Occultation of Bright Star by the Planet Mars

Mars Passes in Front of Epsilon Geminorum as seen From the Table Mountain Observatory

This and the following picture were taken on April 8, 1976 (April 7, local time) recording an event
called a planetary occultation. The planet Mars is seen in the above picture to the right of the star,
epsilon Geminorum at 00:53:50 UT, a few minutes before Mars, moving to the left, passed in
front of the star. The star was 'occulted' for a period of about 5 minutes, reappearing to the right
of Mars in the picture below. Since this event occurred with the sun still above the horizon, the
sky background is blue, of course.

These events rarely occur, but are widely observed because of their significance. Making accurate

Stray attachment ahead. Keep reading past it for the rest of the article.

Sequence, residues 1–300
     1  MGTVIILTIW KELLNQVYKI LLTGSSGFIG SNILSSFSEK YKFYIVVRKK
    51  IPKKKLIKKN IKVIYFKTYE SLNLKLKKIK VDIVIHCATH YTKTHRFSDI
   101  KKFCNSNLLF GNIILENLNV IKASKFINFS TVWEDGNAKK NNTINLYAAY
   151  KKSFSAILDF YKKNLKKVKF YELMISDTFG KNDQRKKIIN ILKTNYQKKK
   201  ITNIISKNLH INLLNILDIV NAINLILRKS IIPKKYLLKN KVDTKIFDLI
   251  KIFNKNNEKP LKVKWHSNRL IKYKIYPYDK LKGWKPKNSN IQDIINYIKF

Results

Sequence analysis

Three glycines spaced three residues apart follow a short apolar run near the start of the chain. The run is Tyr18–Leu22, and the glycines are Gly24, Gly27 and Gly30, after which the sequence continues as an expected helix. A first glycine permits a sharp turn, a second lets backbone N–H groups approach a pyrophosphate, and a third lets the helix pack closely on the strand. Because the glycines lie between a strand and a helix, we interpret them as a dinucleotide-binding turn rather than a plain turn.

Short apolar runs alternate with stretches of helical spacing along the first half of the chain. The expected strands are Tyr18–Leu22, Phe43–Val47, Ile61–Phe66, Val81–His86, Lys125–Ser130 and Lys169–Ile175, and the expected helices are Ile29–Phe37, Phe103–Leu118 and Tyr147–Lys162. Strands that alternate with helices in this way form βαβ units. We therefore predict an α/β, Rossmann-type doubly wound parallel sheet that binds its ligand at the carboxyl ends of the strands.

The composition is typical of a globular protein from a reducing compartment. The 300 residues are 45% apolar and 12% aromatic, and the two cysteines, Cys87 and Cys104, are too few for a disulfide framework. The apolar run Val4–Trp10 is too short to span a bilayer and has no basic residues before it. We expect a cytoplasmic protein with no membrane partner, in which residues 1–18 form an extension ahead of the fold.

timings of such events, helps determine positions of the objects to a greater degree. Timings must,
however be accurate to 0.1 second or better.

A Zeiss-Ikon 35mm camera was attached to the 24-inch cassegrain telescope operating at f/48 to
acquire these 1/2 second exposures on Kodachrome 100 ASA slide film.

Table Mountain Observatory, operated by the Jet Propulsion Laboratory (JPL), is located just west of the
town of Wrightwood, California at an elevation of 7500 feet.

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